UBC Theses and Dissertations

UBC Theses Logo

UBC Theses and Dissertations

Gigahertz spectroscopy of hydrated polyunsaturated phospholipid membranes : an investigation of dielectric… Kurylowicz, Martin 2003

Your browser doesn't seem to have a PDF viewer, please download the PDF to view this item.

Item Metadata


831-ubc_2003-0640.pdf [ 9.6MB ]
JSON: 831-1.0085145.json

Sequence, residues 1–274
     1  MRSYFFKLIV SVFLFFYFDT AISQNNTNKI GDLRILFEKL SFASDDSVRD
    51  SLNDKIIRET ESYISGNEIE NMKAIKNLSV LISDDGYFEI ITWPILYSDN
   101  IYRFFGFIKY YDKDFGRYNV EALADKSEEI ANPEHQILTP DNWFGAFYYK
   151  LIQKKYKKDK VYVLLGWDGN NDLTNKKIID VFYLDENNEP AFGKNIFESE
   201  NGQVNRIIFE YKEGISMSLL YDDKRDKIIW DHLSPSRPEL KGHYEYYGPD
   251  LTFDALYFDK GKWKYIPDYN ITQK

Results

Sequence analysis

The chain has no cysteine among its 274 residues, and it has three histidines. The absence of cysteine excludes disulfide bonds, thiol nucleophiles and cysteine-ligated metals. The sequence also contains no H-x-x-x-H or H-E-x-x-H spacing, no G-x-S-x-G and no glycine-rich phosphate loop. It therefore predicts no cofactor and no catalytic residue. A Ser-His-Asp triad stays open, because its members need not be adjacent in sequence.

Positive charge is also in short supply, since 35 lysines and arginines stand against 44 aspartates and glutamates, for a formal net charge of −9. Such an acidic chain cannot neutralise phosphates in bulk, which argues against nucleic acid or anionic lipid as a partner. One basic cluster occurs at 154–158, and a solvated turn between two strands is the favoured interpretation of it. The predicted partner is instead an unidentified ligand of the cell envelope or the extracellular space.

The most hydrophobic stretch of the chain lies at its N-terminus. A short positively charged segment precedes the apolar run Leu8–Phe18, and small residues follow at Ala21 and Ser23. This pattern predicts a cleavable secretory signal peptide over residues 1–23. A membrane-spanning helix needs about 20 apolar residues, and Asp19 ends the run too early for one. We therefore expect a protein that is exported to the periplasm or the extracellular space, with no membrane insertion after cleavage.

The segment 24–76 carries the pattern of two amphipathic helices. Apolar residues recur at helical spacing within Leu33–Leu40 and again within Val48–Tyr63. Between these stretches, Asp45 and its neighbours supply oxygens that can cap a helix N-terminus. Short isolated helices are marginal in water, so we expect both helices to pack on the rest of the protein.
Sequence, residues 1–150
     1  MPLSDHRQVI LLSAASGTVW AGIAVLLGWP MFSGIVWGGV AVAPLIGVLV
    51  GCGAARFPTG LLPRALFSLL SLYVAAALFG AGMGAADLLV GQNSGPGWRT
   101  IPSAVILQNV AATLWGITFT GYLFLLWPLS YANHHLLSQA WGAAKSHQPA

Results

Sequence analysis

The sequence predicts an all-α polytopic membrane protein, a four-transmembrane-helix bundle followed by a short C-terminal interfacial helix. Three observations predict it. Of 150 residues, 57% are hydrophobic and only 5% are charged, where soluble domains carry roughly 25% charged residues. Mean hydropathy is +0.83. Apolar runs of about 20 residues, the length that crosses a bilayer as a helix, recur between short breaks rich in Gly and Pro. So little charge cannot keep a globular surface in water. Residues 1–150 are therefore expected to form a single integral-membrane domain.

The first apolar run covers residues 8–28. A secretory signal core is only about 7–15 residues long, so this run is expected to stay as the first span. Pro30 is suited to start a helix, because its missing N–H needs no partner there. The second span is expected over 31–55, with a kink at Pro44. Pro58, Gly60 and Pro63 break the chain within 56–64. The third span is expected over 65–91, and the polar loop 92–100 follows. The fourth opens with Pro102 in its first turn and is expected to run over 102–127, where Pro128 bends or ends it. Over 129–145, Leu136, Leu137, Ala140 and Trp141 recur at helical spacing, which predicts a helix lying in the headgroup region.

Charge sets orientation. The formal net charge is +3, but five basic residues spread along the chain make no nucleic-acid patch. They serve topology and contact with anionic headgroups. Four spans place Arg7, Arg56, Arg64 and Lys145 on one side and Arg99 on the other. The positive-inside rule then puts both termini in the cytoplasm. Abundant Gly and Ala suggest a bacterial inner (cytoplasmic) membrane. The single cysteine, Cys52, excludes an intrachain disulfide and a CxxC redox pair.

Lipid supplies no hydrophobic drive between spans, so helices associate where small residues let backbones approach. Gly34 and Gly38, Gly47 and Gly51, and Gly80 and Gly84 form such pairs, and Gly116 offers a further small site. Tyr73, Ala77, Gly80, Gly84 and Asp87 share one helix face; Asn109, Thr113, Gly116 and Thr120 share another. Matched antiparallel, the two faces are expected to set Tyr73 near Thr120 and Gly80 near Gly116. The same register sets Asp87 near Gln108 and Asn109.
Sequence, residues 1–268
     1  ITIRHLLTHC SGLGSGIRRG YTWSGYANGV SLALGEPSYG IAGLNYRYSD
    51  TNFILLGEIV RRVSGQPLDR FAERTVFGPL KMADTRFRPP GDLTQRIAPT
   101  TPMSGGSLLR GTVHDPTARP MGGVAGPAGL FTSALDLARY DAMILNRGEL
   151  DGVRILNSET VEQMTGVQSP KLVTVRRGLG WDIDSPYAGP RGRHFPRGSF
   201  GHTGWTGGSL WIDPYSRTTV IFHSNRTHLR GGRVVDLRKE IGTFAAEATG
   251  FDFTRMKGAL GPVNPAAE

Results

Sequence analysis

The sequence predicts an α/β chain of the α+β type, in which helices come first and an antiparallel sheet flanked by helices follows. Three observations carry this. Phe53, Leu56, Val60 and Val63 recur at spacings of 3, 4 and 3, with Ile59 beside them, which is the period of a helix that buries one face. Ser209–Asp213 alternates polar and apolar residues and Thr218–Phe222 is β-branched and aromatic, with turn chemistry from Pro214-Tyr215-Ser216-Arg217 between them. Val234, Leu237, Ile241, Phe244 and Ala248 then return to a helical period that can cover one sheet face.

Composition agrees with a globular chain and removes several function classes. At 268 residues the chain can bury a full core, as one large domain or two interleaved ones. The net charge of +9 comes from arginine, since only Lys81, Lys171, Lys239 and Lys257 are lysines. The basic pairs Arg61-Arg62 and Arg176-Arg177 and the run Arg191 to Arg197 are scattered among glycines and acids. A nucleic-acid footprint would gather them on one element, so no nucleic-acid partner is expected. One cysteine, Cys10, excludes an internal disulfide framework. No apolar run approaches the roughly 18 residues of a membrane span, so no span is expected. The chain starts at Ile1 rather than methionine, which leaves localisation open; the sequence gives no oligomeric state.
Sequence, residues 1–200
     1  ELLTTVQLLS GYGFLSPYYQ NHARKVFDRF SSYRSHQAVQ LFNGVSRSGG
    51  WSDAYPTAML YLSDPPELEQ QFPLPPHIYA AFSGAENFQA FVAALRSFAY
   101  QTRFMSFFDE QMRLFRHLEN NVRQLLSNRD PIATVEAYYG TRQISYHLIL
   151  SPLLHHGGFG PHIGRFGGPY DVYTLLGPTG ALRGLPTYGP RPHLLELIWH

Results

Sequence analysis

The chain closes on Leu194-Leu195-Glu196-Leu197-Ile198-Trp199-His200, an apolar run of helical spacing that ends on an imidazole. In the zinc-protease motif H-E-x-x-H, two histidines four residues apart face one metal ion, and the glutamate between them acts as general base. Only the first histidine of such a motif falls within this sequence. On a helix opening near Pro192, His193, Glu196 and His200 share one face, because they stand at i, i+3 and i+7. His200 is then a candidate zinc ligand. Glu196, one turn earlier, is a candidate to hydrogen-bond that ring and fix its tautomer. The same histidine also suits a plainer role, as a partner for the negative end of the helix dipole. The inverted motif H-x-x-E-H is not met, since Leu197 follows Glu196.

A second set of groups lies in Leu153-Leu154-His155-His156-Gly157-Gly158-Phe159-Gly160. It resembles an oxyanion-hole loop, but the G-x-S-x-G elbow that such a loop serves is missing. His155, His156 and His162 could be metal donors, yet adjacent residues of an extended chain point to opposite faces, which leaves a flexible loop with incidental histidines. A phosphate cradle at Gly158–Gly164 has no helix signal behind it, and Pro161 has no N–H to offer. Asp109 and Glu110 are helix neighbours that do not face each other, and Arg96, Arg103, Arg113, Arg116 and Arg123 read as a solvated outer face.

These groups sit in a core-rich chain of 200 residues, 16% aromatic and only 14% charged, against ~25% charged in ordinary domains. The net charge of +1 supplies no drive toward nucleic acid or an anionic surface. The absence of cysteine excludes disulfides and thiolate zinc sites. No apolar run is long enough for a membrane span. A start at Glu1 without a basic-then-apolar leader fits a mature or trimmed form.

JSON-LD: 831-1.0085145-ld.json
RDF/XML (Pretty): 831-1.0085145-rdf.xml
RDF/JSON: 831-1.0085145-rdf.json
Turtle: 831-1.0085145-turtle.txt
N-Triples: 831-1.0085145-rdf-ntriples.txt
Original Record: 831-1.0085145-source.json
Full Text

Full Text